Narcissists’ GROWTH Goals (#2b)


PREVIOUS: Narc – Growth GOALS (#2a)

SITE: SCHEMA Therapy  to treat narcissism

 


10 Stages of Therapy for NPD (cont)
6: Impact on Other People
Most of the time, N-clients can’t seriously consider how they affect other people until they’ve developed better coping strategies. Otherwise they’ll feel too much shame.
How well they understand themselves & form new action-habits will create more realistic (normal size) pride. This lessens the incentive to be grandiose, & increases ability to tolerate the idea that : their life may improve if they also considered other people’s needs. This is not yet emotional empathy, since they’re still looking at everything through the self-benefit lens.

7: Focus on Childhood Pain
Having gone thru previous stages (back & forth), clients are calmer & their life is generally less frantic. They’ve learned what life’s situations trigger over-reactions in them, & have developed more productive ways of coping.

As some of their defenses against shame are lessened, the focus is more on painful traumas from the past. If some healing occurs, they may form moments of emotional empathy for themselves as a child.
This can develop into the ability to form a stable, realistic image of themselves (Whole Object-Relations), which then help them deal with others more realistically, not splitting them into all-good or all-bad.

8: Update the Inner Voice
To develop emotional empathy for others, NPDs need to have (at least) some compassion for themselves. More would help.
Typically, people update their apps, cell phones, computers….  but most of us still run our life based on corrupted inner “software” that was programmed into us as a very young child.

Early on, the therapist can explains how children automatically internalize their version of :
– how their caregivers saw them
– their caregivers’ ideas about right & wrong, and
– their ideas about what deserves praise & blame.
Everyone can benefit from examining how their Inner Guiding Voice talks to them. ASK : ➡️

Now clients start noticing the tone & content of their inner voice, & realize that how they speak to themselves can be greatly improved. Then they can explore what those changes sound like. Sometimes all that’s needed is a firm “Stop that!” when the voice is mean & undermining

Clients can practice responding internally with a variety of positive statements they find acceptable. This process requires a willingness to challenge or inhibit the toxic voice. Naturally, this will take focused awareness, vigilance & many repetitions.

Note: We can tell how harsh someone is toward themselves by listening to how they talk to others. Outer harshness is in direct proportion to Inner harshness. Blaming & judging others redirects the nasty inner critic —> outward, temporarily buying the N some inner quiet, but at other people’s expense.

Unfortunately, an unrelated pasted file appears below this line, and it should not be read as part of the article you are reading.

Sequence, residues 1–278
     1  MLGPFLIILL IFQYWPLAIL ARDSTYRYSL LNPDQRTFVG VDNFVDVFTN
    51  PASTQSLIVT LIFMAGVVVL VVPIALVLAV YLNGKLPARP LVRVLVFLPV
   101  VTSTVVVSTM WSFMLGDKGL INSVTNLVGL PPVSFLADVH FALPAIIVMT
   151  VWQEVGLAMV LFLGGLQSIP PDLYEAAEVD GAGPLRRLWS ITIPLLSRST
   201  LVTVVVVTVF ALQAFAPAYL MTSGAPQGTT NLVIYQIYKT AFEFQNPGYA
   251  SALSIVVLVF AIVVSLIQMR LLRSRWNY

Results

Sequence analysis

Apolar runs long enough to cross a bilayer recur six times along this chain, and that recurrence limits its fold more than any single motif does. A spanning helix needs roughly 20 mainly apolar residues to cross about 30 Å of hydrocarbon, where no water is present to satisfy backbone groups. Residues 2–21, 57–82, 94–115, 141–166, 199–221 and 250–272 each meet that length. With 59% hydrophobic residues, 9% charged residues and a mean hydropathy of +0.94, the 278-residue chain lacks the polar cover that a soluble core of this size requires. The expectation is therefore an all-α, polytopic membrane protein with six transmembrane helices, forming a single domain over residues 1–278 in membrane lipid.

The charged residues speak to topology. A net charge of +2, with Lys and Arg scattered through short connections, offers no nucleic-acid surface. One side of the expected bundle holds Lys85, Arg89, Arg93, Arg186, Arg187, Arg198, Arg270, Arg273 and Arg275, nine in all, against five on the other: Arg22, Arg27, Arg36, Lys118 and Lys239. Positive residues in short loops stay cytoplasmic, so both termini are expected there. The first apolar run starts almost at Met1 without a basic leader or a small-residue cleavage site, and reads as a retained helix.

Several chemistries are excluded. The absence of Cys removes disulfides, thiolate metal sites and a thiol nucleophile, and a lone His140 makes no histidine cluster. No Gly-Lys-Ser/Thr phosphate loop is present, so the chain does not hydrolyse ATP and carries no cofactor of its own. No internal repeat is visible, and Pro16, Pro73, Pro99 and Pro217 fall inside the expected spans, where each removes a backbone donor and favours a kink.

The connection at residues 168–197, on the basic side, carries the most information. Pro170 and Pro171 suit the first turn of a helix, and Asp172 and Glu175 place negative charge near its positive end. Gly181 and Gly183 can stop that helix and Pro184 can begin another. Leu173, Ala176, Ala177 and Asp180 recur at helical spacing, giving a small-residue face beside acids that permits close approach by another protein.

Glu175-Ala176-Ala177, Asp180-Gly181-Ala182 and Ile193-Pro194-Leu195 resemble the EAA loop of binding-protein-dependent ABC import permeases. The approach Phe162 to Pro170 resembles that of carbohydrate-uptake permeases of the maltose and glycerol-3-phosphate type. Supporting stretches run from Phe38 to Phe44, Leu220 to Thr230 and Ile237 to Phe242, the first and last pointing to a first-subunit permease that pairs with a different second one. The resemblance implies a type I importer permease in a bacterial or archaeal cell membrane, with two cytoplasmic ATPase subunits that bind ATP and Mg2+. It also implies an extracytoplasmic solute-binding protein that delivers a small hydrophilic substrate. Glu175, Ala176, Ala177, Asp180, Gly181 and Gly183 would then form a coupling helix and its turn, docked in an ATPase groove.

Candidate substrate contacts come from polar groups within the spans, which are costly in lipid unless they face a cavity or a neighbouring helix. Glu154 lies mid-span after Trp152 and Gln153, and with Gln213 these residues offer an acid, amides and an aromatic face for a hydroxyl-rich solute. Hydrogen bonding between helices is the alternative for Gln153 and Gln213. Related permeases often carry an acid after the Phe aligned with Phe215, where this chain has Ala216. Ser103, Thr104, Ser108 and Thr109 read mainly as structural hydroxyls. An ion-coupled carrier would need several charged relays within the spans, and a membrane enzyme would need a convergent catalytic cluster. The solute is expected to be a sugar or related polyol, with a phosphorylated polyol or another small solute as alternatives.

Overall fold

9: Empathy for Other People
Once the N accepts their pain & gets some control over the negative Introject’s voice, they can start noticing who other people really are. But it’s still mainly from their own point of view. Tentative, fledgling empathy will be based on the other person :
— being no emotional threat to the narcissist
— reminding them of themselves (symbiosis)
— being / having been traumatized in similar ways to the N’s experience

10: Authenticity
The therapist’s consistent, non-judgmental, compassionate interest in them allows the N’s defenses to become less rigid, improving client-therapist relationship.
Little by little they come to trust that they can be authentic in sessions – because the therapist has seen their ‘worst’ side & nothing terrible happened to either one.

As healing continues, the N can take baby steps forward by trying to be more ‘real’ with others as well. If this works, reliance on the old “false self” defenses lessens —> which leads to becoming more comfortable in their skin —-> to being more spontaneous —> to feeling better overall.

Because therapy with NPDs is complex, involving many stages, it takes a long time – there’s a lot of ground to cover. Sadly, most don’t want to do all of this work, or just can’t.
However, those who do keep plugging away at the growth-process eventually improve, at least somewhat. How much depends on sticking to it year after year, encouraged by tangible improvements in their life – internally & externally.
(Article based on a Quora post, 6/28/19).

NEXT: Narcissists’ GROWTH Goals (#3)

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